Similar to something like HelloFresh, consider using the ingredients you have leftover in your kitchen or cafe to build at home meal kits for your customers to make themselves. It could be anything from salads, to mains to desserts or even coffee kits. This takes the pressure off them of deciding what to make for dinner, and gives them something fun to do with their isolation buddies before they all lose their minds. It also helps you to sell a lot of your inventory before things go bad. Make it even better by including a recipe for them to follow along to. Have some of your staff assist in the marketing, building and delivering (if offered) of the kits locally.

Turn into a mini-grocers

Some restaurants have actually cleared out their dining areas of tables and chairs and brought their fridges and shelves in to sell off any remaining food items from the kitchen at a lower price. I know this won’t turn a large profit for you, but it will at least ensure that you won’t be losing out on money in the form of a disposed product, helps any local distributors you use if you continue to order from them, and makes it easier for your community to get the things they need that may be selling out faster in the local shops. 

Everyday, the situation around COVID-19 seems to be changing so please be mindful of any new rules or regulations that may not allow for some of these options.

There are positives however…

While all of the news can be overwhelming, there are also good stories coming out everyday – including how the restaurant industry has rallied around each other during this time. Numerous charitable efforts have popped up to offer support in different ways. Here are just some of the UK non-profits working tirelessly to get the restaurant industry past this period:

A.Wong’s meals for the vulnerable, London
The chef who runs one of the UK’s stand-out Chinese restaurants is using his establishment to prepare up to 100 meals a day for the vulnerable and those who have lost their jobs. If you can assist with funds, distribution or preparation, Wong is asking to be contacted by email.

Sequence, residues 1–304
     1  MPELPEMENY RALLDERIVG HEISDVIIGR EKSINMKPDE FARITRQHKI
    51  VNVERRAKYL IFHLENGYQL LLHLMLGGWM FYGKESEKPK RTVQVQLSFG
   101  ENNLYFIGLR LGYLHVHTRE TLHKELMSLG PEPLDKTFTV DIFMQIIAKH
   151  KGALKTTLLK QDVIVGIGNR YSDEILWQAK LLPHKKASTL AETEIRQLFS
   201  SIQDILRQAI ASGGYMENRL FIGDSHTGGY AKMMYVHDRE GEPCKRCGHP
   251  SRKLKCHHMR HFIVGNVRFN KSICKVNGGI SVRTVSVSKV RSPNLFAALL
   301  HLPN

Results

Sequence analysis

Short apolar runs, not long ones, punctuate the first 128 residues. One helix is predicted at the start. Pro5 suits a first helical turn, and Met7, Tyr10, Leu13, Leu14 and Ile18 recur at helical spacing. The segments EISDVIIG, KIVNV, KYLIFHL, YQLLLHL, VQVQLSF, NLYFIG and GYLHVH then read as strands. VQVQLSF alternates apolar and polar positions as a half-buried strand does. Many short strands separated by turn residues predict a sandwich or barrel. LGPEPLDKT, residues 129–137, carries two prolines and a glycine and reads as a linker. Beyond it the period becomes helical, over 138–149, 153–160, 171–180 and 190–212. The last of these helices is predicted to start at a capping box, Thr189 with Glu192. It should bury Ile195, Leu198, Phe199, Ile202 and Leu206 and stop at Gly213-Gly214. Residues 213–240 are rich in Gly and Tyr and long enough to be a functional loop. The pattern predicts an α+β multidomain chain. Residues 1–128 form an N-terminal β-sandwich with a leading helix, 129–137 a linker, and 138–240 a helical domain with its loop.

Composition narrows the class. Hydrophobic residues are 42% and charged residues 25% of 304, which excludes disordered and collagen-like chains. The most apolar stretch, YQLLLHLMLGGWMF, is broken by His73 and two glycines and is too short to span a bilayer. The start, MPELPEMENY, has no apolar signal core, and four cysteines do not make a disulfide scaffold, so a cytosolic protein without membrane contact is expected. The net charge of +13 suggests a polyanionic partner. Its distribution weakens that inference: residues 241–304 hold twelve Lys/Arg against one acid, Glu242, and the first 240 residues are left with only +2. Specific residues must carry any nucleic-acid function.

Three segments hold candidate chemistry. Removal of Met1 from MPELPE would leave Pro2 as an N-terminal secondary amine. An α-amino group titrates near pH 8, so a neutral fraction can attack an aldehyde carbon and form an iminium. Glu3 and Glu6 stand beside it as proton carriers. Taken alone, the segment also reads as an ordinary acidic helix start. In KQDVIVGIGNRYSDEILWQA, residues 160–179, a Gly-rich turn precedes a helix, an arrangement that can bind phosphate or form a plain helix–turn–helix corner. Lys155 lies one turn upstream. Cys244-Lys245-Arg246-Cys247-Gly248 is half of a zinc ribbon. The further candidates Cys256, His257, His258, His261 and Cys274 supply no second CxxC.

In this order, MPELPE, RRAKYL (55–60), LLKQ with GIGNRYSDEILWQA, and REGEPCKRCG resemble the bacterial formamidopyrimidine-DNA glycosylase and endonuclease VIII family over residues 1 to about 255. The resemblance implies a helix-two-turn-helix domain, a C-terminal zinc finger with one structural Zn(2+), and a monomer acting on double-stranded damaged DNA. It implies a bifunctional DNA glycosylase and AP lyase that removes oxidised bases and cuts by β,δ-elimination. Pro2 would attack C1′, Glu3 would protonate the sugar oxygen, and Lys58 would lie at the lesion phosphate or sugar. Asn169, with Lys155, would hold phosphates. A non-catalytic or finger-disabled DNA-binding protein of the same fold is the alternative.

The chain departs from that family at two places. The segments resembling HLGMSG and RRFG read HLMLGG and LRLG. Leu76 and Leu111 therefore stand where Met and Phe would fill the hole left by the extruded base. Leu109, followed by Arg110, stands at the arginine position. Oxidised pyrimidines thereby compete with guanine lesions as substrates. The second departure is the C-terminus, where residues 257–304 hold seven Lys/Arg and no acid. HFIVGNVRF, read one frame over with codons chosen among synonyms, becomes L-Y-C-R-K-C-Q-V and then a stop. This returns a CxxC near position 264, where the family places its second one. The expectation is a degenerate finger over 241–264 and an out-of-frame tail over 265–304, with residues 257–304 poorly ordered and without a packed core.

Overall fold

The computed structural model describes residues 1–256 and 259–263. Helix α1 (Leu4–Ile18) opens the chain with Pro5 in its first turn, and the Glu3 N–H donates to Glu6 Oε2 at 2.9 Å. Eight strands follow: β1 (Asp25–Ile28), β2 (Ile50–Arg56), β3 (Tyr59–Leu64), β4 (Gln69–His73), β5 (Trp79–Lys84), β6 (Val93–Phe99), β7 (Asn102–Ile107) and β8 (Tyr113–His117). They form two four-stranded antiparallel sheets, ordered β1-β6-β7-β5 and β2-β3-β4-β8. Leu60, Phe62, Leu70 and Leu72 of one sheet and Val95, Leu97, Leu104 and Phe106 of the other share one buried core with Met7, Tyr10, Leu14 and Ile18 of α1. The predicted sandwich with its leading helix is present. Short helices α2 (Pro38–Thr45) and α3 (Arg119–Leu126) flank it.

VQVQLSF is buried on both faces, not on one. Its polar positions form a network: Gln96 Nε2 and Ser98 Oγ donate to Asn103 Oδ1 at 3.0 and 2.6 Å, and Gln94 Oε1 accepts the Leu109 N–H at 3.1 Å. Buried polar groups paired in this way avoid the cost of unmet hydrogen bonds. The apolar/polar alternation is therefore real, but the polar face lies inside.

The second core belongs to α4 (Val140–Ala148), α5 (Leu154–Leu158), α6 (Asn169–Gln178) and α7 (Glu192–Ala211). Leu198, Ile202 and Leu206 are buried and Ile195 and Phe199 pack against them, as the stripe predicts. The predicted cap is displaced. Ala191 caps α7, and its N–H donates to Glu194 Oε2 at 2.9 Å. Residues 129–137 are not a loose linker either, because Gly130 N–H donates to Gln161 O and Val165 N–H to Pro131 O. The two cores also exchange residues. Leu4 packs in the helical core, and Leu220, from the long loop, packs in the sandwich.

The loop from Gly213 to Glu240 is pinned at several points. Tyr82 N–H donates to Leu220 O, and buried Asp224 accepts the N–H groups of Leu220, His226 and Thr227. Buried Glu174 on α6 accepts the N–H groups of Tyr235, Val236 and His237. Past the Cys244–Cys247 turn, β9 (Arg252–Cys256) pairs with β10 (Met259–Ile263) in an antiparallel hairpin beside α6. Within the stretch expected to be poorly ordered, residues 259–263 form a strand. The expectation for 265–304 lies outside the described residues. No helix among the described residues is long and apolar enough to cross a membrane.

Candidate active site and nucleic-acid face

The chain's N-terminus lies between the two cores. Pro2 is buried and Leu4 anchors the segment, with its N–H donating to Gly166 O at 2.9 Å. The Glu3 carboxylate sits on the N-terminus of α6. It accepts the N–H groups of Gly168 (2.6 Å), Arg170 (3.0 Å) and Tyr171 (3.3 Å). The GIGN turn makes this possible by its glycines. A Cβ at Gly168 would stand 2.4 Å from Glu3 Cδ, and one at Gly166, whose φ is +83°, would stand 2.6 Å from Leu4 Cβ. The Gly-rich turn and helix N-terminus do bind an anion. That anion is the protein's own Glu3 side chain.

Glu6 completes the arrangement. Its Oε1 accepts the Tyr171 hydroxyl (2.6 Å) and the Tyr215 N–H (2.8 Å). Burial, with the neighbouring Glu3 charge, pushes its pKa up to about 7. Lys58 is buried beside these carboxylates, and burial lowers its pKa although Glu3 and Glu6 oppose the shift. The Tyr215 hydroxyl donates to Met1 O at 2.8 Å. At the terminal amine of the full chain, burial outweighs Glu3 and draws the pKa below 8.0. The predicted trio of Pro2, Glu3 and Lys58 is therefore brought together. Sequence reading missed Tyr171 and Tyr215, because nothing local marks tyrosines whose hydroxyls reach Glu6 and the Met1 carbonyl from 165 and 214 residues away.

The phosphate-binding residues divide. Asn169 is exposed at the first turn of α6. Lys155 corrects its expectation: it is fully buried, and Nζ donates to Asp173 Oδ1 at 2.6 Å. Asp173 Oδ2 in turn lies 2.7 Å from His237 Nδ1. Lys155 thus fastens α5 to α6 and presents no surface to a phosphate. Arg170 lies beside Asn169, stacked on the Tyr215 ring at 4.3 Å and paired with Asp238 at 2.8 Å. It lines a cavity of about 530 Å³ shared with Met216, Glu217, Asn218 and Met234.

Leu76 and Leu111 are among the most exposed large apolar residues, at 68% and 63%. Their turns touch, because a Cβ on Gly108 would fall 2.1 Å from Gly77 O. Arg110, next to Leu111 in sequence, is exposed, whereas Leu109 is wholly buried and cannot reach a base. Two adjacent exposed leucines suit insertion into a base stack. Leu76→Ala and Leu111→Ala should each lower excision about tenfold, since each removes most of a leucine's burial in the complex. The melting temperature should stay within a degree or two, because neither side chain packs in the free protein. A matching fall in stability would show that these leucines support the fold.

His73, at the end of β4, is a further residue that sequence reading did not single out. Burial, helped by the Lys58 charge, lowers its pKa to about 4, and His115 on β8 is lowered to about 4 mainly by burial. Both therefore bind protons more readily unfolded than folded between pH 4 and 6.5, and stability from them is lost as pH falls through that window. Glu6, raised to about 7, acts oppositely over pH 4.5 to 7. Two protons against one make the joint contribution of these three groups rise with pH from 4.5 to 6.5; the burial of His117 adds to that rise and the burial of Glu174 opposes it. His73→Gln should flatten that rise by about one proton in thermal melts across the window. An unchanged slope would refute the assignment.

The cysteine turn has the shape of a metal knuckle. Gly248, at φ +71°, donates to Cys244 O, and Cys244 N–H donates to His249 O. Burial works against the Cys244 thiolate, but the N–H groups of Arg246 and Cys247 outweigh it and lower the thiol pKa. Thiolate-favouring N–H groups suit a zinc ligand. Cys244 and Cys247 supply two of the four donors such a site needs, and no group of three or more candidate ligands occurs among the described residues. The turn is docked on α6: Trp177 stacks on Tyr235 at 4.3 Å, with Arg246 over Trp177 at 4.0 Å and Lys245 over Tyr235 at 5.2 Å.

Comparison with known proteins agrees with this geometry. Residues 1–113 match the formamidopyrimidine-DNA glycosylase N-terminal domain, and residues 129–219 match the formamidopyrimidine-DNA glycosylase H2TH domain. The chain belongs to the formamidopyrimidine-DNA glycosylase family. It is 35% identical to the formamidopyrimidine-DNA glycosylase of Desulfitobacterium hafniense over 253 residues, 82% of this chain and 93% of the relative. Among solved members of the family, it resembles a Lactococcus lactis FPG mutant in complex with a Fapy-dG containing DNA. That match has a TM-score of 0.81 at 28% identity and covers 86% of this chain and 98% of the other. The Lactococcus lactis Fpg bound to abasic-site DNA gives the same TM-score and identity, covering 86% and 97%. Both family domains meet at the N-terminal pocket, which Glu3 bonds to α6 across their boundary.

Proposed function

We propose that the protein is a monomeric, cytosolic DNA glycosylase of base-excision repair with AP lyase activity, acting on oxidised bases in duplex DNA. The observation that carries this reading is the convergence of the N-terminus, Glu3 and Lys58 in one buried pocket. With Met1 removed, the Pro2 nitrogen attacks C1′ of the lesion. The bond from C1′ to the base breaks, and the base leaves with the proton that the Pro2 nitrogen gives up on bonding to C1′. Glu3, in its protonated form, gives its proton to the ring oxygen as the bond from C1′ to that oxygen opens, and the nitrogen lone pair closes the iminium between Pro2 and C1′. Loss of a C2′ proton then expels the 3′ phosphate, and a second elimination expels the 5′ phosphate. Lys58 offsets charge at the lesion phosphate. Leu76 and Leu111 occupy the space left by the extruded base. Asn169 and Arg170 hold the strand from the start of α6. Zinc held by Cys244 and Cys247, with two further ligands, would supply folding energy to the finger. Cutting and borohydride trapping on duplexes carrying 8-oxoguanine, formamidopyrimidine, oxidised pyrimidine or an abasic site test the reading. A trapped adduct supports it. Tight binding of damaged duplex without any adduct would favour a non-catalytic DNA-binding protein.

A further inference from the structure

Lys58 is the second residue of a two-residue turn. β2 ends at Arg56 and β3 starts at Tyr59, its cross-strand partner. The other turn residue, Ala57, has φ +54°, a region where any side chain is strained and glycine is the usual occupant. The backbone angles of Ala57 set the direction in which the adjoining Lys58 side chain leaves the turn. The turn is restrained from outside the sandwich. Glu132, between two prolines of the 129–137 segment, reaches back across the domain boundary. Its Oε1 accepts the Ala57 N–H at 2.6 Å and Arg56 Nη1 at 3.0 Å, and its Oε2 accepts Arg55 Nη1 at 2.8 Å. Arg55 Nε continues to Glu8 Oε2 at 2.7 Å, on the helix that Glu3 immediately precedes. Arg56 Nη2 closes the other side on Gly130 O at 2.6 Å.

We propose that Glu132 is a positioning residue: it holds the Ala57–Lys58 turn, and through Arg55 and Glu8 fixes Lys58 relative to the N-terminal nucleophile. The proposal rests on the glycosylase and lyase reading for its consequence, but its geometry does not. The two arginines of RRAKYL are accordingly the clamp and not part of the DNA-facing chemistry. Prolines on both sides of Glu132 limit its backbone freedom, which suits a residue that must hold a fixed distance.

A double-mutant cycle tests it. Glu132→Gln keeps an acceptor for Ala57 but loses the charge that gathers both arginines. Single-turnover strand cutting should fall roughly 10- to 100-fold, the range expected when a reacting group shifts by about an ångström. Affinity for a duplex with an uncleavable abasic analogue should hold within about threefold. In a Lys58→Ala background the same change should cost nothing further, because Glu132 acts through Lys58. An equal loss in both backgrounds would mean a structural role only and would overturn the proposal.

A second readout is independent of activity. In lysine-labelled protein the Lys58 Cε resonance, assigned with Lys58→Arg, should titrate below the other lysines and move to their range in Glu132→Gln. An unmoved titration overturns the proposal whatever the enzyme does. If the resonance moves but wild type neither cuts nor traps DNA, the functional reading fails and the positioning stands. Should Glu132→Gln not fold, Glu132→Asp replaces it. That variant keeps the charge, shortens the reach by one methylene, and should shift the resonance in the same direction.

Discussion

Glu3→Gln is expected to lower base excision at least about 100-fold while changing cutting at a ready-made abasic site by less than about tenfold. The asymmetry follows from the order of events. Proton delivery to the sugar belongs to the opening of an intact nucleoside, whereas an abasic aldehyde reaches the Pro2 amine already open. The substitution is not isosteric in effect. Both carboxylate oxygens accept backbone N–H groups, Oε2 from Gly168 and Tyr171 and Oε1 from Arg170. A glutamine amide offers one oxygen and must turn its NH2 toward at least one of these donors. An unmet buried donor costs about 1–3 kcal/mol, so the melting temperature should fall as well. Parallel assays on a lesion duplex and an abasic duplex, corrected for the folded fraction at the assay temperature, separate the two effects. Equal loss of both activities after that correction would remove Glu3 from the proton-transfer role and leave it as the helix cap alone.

Diageo’s Emergency Relief Fund
Global spirits company Diageo, which owns the likes of Ketel One Vodka and Tanqueray gin, has made available a fund of $1.4m to assist bars that face closure in the wake of the pandemic. For more information and to see if it could benefit you, see here.

Drinks Trust
Previously called The Benevolent Fund, this non-profit issues grants to bartenders and workers in the bar sector. See here to apply or to donate.

Guild of Fine Food
This advocate of independent shops and cafes is pioneering a scheme that identifies business support and attempts to match produce and stock that is unable to be sold with those who would like to purchase it. Find out more here.

Hospitality Action
High-profile chefs in the UK have been lobbying government to provide support for workers with great success. Those who have lost their jobs can apply to Hospitality Action for a one-off Covid-19 grant of £250 to help with the immediate fallout of job losses. Donate or apply here.

The Hospitality Workers’ Fund
An emergency fund to assist with zero-hours workers in the UK. Donate, learn more about what they are offering and get more information here.

United We Stand
50 Best’s sister titles, Morning Advertiser and Restaurant magazine are launching a campaign called United We Stand, which offers a resource to help workers and businesses affected by measures associated with coronavirus. Stay tuned to the website for developments.

Virtual Tip Jar
These online resources are being transferred from a way to ensure that a server gets your money directly, to donations for those affected by the pandemic. See here.

The Wine and Spirits Education Trust is the gold standard for wine and spirits training across the world. It is offering 2,000 free places on its Level One Spirits course for bartenders to take from home while they are unable to work. See here for more information.